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What is an electricity demand tariff?

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In this article, Canstar Blue takes you through everything you need to know about electricity demand tariffs and how they work in Australia.

The way we pay for electricity is changing, and perhaps not for the better. ‘Demand tariffs’ (also called ‘demand charges’) are now available to most Australian residents and small business customers, and while energy retailers have been quick to boast the advantages of them, whether or not consumers stand to benefit is much less clear.

Demand tariffs have traditionally been used in large business, but as of 2017, retailers have been able to offer them to residential and small business customers too. Not only are retailers offering them, but it seems some will be actively encouraging customers to switch to them.

Demand tariffs are very different to how most of us are used to paying for electricity. If you have a comfortable knowledge of electricity and how your home uses it, then a demand tariff could save you money. If not, it could cost you big time. Learn the ins and outs on an electricity demand tariff with Canstar Blue.

What is an electricity demand tariff?

A demand tariff is a pricing structure designed by energy distributors to lessen the strain on the electricity grid during peak usage times. It incentivises customers to use less energy during times when demand is high.

A typical energy plan is comprised of two types of charges: supply charges and usage charges. However, if you’re on a demand tariff, you’ll also be charged a third fee called a ‘demand’ or ‘capacity’ charge.

The demand charge reflects a household’s maximum electricity usage, typically between 3pm and 9pm on weekdays. Your highest energy usage over a 30-minute interval during this time window is then used to calculate the demand value. This is then multiplied by your network’s daily demand charge rate to calculate the total cost of the demand tariff. The peak usage resets each month in most cases, meaning you only need to hit your peak once for that demand rate to apply every day for the entire month.

Demand charges vary across different electricity distributors and retailers. Demand charges are also different in ‘summer’ (December-March) and ‘winter’ (April-November). Typical rates are anywhere from 25c per kW/day to 45c per kW/day in summer, and from 8c per kW/day to 25c per kW/day in winter.

How often is my demand charge reset?

The majority of residential customers will have their demand tariffs recalculated on a monthly basis, so your highest usage this monthly billing won’t carry over to the next. However, some regions may use seasonal demand resets (recalculated at the start of each season) or annual demand resets (recalculated at the end of each year).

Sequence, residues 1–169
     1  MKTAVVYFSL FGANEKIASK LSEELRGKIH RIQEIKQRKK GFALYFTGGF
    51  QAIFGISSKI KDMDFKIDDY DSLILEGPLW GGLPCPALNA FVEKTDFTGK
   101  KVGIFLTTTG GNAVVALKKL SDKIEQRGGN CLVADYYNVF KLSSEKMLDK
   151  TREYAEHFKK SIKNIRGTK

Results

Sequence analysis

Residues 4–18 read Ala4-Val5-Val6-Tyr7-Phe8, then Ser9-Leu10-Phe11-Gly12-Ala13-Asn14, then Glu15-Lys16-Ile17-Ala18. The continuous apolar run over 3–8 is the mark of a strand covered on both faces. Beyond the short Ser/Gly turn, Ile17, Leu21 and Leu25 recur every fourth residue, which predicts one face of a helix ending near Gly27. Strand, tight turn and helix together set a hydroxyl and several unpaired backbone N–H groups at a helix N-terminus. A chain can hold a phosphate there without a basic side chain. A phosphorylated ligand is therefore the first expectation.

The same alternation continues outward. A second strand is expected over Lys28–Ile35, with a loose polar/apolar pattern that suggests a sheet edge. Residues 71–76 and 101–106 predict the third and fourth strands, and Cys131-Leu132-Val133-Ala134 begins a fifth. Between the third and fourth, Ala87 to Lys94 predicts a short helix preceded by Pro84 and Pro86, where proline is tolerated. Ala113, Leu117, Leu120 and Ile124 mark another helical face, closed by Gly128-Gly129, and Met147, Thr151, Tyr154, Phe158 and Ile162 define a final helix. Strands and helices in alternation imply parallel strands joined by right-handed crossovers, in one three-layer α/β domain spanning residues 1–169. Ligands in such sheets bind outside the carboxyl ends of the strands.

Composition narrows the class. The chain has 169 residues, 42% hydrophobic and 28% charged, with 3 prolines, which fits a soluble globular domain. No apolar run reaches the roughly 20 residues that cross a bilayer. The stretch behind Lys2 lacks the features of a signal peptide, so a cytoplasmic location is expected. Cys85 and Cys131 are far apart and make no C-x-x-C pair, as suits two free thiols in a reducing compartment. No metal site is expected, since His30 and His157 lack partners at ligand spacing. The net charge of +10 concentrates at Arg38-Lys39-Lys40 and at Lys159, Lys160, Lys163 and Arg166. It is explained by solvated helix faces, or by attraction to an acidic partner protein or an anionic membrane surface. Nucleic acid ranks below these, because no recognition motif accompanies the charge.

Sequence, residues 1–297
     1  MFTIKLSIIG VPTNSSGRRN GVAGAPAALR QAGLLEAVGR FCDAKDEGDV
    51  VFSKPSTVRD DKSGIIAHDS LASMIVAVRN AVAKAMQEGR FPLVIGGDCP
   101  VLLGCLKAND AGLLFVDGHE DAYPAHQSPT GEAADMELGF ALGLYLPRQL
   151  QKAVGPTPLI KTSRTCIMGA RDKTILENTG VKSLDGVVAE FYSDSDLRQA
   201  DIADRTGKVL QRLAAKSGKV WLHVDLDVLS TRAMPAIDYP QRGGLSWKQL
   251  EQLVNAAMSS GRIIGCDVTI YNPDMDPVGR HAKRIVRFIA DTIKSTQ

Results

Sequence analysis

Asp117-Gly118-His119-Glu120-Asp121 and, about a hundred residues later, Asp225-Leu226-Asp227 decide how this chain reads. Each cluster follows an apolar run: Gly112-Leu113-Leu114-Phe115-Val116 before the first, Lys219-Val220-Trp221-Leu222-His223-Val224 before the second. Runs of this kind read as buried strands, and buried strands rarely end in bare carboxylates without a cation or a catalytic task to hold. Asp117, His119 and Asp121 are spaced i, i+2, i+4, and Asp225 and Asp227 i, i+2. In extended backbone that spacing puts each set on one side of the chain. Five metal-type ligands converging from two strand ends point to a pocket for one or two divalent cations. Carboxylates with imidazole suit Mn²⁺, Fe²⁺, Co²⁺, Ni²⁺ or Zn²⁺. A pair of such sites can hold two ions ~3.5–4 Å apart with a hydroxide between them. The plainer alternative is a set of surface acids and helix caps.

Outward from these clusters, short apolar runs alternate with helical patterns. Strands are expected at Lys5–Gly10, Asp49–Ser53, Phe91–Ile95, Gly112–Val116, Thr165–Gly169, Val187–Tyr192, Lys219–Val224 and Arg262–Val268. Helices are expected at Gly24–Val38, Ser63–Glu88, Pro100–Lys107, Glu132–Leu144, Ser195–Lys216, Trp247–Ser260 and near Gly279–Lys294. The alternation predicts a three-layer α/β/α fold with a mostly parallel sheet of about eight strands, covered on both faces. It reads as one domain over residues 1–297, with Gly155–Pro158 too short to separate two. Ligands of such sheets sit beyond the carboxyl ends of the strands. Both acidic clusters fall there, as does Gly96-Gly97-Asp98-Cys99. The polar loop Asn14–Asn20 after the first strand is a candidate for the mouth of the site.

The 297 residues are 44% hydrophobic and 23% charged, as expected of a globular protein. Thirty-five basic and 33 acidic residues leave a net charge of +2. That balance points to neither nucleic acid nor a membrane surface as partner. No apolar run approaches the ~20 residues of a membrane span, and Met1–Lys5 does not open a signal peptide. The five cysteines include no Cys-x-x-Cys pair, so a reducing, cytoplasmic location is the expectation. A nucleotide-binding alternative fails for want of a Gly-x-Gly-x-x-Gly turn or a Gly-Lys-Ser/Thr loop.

How does an electricity demand charge work?

For an illustration on how demand charges works, we’ll run you through an example based on the below sample from an old energy price fact sheet. Let’s say a household in summer (between 3pm and 9pm) usually runs a fridge, TV and a few lights at the same time.

The maximum amount of electricity it draws from the grid at any one moment is 3kW. The demand charge would therefore be 101.904 cents (3kW x 33.968c) for each day of the month. This is on top of standard electricity usage and supply charges.

Now let’s assume that one evening this household runs the TV, lights, fridge, air conditioner, dishwasher and cooktop all at the same time, drawing 7kW of electricity from the grid at once. This now becomes the new peak demand, and a demand charge of 237.776 cents per day (7kW x 33.968c) would be applied every day, again for the entire month.

It’s important to keep in mind though that in order to access a demand tariff or charge, a smart meter is required. If your premise does not have a smart meter installed, you will only have access to a flat rate.

AGL Demand Tariff Sample

Advantages of an electricity demand tariff

There are a few advantages to being on a demand tariff for your electricity usage, including:

  • Lower usage rates: Electricity usage rates with demand tariffs are considerably lower than usage rates on a single rate tariff – usually by about 4c/kWh. But, you have to ensure your electricity usage is stable in order to take the most advantage of this.
  • Encourages energy efficiency: Demand tariffs are similar to time of use tariffs. Both these tariff types encourage customers to spread their electricity usage over time, rather than all at once.
  • Alleviates stress on the grid: By making use of peak and off peak times for electricity usage, more customers will begin to change their energy habits in order to save the most money. This means that less households and businesses will look to consume their energy during peak times, when strain on the grid is high.

Disadvantages of an electricity demand tariff

As much as a demand tariff can help to save customers money and reduce strain on the grid, there are also a few disadvantages to using them for electricity usage.

  • Can cause higher bills: Demand tariffs are incredibly punishing on households that let their electricity usage slide for even a moment. Brief spikes in electricity usage between 3pm and 9pm on any given day will leave customers paying a higher price for the entire month.
  • Requires a smart meter: While some households and businesses in Australia, particularly in Victoria, already have smart meters installed, the vast majority are still without one, making it difficult for this tariff to be accessed.
  • Two charges to keep track of: Unlike other electricity tariffs, a demand tariff requires bill-payers to watch over two separate usage charges for a billing cycle, which could be time consuming or even confusing for some homes and businesses.

Electricity demand tariffs in Australia

While demand tariffs are common for large and medium-sized businesses across Australia, they are still yet to make a huge impact on the residential energy market. Most states and territories in Australia do offer a demand electricity tariff to households, but uptake is largely dependent on the access to smart meters in that region. Currently, Victoria is the only state to have rolled out smart meters to all homes and businesses, as it’s the only state to mandate smart meter usage.